As you can see, each situation is a mess. Obviously current policy is to inflate at all costs, but I don't think this is the best choice. It happens to be the most politically viable choice, but that's a discussion for another day. You don't necessarily have to agree with the motives, but you don't need to look very hard to see which path the U.S. and rest of the G-7 economies have chosen. Their quantitative easing has not been subtle.

Deflation with the Edge

So why do I pick the deflation route as a less dismal choice than inflation? I would say that I have 1 ½ reasons. Both inflation and deflation probably result with the dollar no longer being the reserve currency of the world. Inflation will force the U.S. to monetize the debt as demand dries up. Attempting to monetize even a portion of the U.S. ' massive debt load will absolutely and completely destroy the dollar. Deflation will ALMOST surely result in a U.S. default on its debt. Considering the massive amount of outstanding debt, if the U.S. defaults on its debt the dollar will be worth the paper it's printed on. I just have to say here that this will by far be the most painful part of this economic crisis. Don't think you've seen chaos in financial markets yet. When U.S. dollars begin to flood global forex markets it will be like screaming fire in a crowded movie theater. A global panic among the largest holders of U.S. dollars will ensue, and for starters, resulting in a 20-30% overnight devaluation of the greenback.

So why deflation? Because with deflation, there's a miniscule chance this doesn't occur. More realistically, the deflation path is simply quicker. Think of it like taking a band aid off. Inflation is taking the band aid off slow, while deflation is just ripping it off. Financially, deflation will give something closer to a v-shaped recovery as opposed to an extended u-shaped recovery. My proposition is to IMMEDIATELY stop the monetary and fiscal irresponsibility. Stop growing the money supply and defend the dollar. Raise interest rates, re-value the dollar against gold, and implement a new gold standard. Pass legislation that only allows for balanced budgets. If there's a deficit planned, cut spending. If there's a surplus, cut taxes. It's simple, yet probably perceived as barbaric and inflexible. I do not want to understate the pains this will cause in the short run, but the alternative is to postpone the inevitable.

The sooner we hit bottom the sooner we can begin the recovery process. This is when we can start an economy based on real growth; an economy whose economic activity is not based on growth and contractions in the liquidity base. We will have the potential to make an economic machine that doesn't grow because of debt creation. This would be an economy with sustainable growth and less volatility. I used a key word there: potential.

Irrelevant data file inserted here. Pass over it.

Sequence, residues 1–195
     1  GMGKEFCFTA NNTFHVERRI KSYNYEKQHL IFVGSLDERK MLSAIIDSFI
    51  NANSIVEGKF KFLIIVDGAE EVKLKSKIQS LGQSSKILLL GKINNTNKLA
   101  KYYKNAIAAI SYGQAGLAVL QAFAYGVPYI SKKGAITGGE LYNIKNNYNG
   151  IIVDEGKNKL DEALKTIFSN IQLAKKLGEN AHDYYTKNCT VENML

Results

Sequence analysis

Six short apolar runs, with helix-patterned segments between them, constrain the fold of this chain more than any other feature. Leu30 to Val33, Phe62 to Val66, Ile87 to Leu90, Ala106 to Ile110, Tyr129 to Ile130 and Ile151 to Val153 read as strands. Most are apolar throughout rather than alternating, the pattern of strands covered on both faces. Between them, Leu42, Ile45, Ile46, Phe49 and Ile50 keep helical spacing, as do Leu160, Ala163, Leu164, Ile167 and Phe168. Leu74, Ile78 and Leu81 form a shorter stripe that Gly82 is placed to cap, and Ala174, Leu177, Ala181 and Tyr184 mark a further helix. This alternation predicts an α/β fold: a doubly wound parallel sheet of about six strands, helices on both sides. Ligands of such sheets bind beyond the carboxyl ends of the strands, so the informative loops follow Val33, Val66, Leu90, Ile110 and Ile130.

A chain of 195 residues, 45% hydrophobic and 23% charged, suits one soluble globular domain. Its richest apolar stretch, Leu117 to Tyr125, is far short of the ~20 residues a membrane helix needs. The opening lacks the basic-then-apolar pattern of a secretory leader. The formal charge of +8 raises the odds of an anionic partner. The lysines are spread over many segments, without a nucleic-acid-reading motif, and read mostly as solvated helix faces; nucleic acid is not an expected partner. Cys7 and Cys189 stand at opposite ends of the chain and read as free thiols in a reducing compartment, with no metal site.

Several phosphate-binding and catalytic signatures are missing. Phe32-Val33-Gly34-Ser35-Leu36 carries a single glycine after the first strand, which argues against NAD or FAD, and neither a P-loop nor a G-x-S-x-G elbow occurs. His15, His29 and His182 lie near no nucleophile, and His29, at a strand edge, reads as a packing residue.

Will we learn from our lessons? I doubt it. There may be a couple decades of prosperity, but I imagine we will eventually go through another one of these Keynesian cycles. It's man's flaws, and for whatever reason, it seems to be the most flawed, such as Maxine Waters, that sets policies. I'm not here to make the world a better place. I care about my family and my friends. I use what I've learned to make money and inform those who care to listen.

By Nicholas Jones
Analyst, Oxbury Research

Nick has spent several years researching and preparing for the ripsaws in today's commodities markets.  Through independent research on commodities markets and free-market macroeconomics, he brings a worldy understanding to all who participate in this particular financial climate.

Oxbury Research originally formed as an underground investment club, Oxbury Publishing is comprised of a wide variety of Wall Street professionals - from equity analysts to futures floor traders – all independent thinkers and all capital market veterans.

Copyright © 2009 Oxbury Research - All Rights Reserved
Disclaimer: The above is a matter of opinion provided for general information purposes only and is not intended as investment advice. Information and analysis above are derived from sources and utilising methods believed to be reliable, but we cannot accept responsibility for any losses you may incur as a result of this analysis. Individuals should consult with their personal financial advisors.

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Comments

Isaiah Sharp
22 Feb 09, 21:24
Inflation is better then Deflation

Inflation is the key to growth. It has to be stable. Borrowers may demand higher interest rates, but if the deficit is shrinking (as the President is work on)- then there will be less debt to finance. Supply & demand. Inflation encourages investors to invest now so they can increase their money instead of sitting on it. The key is predictability & stability. If inflation was high but steady and predicted it would be great for the US & citizens. Perhaps if that caused the US economy to normalize, it would also be good for the economy of the world. Ultimately everything is based on confidence. If people feel confident, they spend.


Alec
23 Feb 09, 19:22
Won't matter

No matter how confident people feel, when the average household is leveraged out 10 to 1 and a savings rate of 0, in the midst of a de-leveraging spiral in the macro economy, no amount of confidence is going to allow people to spend as they did before. The US consumer is dead, permanently.